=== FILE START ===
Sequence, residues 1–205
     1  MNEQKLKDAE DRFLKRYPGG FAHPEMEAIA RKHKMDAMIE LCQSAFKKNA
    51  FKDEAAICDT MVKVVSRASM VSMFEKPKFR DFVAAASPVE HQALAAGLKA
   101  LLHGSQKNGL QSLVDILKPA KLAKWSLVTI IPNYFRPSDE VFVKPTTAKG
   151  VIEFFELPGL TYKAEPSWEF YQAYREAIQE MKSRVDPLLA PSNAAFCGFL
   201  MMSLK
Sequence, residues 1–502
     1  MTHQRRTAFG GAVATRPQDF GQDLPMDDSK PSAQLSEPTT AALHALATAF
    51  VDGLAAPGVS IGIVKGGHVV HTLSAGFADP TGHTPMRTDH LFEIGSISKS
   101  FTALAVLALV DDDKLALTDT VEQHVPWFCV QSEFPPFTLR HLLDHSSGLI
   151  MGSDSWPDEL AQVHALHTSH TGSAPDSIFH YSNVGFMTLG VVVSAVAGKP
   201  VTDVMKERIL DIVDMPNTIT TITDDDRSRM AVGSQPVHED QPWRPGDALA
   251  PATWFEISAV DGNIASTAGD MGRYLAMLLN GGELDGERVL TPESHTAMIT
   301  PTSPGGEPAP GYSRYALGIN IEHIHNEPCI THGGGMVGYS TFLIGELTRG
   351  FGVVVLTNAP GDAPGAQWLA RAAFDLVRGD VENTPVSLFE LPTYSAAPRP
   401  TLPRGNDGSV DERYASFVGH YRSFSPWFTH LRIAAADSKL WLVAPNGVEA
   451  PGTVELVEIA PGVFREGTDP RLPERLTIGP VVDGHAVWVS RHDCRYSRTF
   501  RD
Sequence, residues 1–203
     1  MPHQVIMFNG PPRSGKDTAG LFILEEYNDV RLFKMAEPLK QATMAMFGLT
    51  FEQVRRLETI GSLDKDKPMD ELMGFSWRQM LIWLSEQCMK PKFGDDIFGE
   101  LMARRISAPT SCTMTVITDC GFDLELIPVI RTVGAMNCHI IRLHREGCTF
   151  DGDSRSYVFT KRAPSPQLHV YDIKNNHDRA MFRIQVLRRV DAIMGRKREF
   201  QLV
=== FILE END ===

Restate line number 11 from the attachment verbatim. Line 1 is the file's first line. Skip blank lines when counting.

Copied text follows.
   151  MGSDSWPDEL AQVHALHTSH TGSAPDSIFH YSNVGFMTLG VVVSAVAGKP